Modern Day Maiden Aunt - Old Fire Station, 9pm
Being single seems to be a way of life for some who want to be creative. Sure, you seem to talk to yourself about things you could share with a significant other, but the fact that you’re independent with life in general makes the day-to-day more awesome, and perhaps more amenable to the creative things you want to do. Geraldine Quinn deals with this in her show, Modern Day Maiden Aunt, with such a reflective tone that I started to feel a bit different about how single-dom is tackled, particularly when you have siblings who seem eager to pop out babies. Geraldine makes poignant thoughts about how she is totally cool with it, but juxtaposes this with battling the life challenges of conforming to the expectations of others. Her energy is so shiny on stage, and her voice just booms when she breaks into song about the coolness of her situation or despair. Quinn’s show echoed into the night as I walked to my motel - I thought about my own search for love. And yet, the other side of my brain gave these thoughts a right hook, as I woke up this morning and took as long as I wanted in making my own breakfast in the kitchen. -- Philippe
Words and Images – Capital Theatre, 12.30pm
How does one cope with the experience of handing over a book to those who would turn your personal narrative into a feature film? The answer, at least according to Raimond Gaita and Robyn Davidson, whose cherished books, Romulus, My Father (Gaita), and Tracks (Davidson) have made it onto the big screen, is to learn to let go - but with a cautious reluctance, and a large dose of good faith. In conversation with Anne Manne, the authors discussed the author’s role in the conversion from book to screen. They revealed how they’d hung on to their stories, waiting for the right scripts and the right director, but what was particularly moving was the ways in which they’d described the actors that had been cast to play them. Both authors were struck by the performances of their young leads and felt that the actors had been able to intuit their emotional landscape in unexpected ways. Friendships were formed, and though the authors expressed some concerns and regrets about some aspects of the way their stories had been interpreted, they agreed that it had been an interesting experience, and that the important thing to remember is that once the film is being made it is really out of the author’s hands. The author’s role is to provide the source material and wait to enjoy - or cringe over - the finished product once it has been made. -- Melia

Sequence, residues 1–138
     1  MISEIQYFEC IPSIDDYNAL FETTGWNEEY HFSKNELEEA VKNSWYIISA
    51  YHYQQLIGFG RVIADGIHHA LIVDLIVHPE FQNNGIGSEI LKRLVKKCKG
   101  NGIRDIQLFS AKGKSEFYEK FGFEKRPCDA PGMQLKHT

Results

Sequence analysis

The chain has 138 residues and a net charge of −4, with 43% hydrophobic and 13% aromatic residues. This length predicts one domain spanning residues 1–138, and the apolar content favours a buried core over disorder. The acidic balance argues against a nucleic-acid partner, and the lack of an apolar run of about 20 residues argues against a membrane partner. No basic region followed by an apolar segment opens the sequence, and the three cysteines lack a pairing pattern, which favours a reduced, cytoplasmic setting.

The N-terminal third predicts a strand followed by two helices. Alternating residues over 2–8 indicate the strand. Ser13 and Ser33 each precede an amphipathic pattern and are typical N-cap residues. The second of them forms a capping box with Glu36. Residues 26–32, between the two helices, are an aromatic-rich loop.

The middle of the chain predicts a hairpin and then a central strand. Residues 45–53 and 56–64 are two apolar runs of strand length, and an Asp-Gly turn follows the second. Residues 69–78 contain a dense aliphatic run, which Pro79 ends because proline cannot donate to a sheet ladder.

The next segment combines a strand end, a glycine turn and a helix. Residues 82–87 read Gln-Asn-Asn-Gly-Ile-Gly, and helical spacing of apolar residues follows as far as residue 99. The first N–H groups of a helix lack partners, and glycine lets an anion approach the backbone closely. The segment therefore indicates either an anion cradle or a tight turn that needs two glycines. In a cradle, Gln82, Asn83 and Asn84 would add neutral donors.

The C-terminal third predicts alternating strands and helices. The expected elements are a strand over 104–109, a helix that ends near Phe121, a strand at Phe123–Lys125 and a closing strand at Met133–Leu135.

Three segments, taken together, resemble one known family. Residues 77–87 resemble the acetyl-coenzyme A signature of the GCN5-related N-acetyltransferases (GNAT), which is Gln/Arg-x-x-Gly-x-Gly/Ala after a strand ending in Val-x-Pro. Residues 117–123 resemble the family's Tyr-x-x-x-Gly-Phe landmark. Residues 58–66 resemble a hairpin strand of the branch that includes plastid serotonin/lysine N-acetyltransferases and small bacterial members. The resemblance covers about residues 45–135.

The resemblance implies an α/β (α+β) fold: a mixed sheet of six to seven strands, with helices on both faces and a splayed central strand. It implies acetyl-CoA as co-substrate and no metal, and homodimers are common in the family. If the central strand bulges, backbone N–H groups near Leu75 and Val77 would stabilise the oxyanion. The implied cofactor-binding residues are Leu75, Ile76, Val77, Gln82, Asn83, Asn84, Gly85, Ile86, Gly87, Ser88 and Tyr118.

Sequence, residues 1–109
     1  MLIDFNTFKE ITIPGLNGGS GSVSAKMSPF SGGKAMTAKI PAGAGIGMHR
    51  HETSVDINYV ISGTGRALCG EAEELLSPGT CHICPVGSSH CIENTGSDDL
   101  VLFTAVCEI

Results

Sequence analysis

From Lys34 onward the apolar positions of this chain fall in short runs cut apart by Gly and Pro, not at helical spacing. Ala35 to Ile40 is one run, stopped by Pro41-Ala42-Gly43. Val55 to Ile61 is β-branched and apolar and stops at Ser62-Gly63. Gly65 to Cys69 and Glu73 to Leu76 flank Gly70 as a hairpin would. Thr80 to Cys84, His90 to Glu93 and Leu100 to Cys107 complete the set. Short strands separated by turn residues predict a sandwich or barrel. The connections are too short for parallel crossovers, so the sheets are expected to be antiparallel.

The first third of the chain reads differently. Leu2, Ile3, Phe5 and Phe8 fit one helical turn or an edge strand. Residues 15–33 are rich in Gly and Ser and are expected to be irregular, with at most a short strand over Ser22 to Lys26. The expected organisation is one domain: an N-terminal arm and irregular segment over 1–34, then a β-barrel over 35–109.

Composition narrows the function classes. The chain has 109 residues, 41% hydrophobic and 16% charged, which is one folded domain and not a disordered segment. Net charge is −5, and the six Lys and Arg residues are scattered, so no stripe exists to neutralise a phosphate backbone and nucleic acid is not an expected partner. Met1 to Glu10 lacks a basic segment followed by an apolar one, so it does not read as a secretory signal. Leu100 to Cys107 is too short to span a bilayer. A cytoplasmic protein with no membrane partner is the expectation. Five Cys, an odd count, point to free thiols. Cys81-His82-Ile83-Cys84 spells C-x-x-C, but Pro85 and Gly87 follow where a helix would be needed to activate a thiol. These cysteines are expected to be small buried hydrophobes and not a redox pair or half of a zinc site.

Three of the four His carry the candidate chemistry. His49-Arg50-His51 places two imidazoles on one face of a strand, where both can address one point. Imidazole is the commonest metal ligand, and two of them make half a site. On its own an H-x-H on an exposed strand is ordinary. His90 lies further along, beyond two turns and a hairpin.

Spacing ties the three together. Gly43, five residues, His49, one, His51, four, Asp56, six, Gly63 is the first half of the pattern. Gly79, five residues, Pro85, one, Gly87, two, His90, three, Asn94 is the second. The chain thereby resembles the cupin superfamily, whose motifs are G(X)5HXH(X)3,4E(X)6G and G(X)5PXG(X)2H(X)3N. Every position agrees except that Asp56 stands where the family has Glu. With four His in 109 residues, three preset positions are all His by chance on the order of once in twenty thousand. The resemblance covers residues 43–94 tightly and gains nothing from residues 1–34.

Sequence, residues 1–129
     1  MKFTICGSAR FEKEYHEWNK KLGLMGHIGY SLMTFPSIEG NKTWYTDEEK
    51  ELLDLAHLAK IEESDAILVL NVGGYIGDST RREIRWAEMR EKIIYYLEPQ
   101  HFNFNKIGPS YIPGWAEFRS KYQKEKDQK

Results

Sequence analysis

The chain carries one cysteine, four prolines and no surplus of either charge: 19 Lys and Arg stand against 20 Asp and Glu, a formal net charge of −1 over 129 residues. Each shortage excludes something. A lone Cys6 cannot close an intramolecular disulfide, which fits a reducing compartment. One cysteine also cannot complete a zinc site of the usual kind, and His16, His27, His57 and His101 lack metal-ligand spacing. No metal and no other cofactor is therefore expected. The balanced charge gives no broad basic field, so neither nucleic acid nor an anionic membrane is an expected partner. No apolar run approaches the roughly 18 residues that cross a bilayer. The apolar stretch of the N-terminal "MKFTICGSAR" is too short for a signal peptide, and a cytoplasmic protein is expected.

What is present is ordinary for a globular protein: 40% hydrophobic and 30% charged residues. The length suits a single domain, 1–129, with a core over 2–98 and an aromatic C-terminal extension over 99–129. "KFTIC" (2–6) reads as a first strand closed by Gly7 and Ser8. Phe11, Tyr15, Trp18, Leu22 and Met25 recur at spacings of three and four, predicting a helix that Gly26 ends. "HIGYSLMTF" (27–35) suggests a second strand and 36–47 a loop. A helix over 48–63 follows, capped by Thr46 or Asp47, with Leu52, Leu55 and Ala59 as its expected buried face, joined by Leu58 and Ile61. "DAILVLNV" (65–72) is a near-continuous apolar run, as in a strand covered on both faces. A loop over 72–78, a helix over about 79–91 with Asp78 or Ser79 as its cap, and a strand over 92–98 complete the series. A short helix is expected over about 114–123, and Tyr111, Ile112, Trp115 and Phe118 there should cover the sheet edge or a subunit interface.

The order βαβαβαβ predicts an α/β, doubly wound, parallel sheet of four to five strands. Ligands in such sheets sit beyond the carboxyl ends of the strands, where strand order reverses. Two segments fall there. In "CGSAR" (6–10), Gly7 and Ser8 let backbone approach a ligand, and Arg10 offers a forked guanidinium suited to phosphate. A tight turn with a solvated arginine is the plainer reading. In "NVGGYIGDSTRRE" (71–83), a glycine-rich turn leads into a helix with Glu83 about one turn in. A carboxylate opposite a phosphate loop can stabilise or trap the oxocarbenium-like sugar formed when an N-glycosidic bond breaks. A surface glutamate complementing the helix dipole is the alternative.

In Praise of Short - Capital Theatre, 3pm
(Reproduced from Luke's blog, Bucket of Work, with permission)
This panel praised short story writing, though in essence the guests - Zoe Dattner, Cate Kennedy, David Musgrave, David Astle and Carmel Bird - truly praised concise and deliberate writing of any length. While it could be (though wasn’t) argued that in a novel a writer is forgiven for occasional loose prose, yet there is no place to hide or waste in a short story. In the short story, words are often used at their most selective. This is a skill short story writers learn, and it also applies to their choice of setting and events. The whole construct can be challenged due to the exposure. This is writing that would benefit a novel. Words and sentences should always be considered, and not wasted. -- Luke.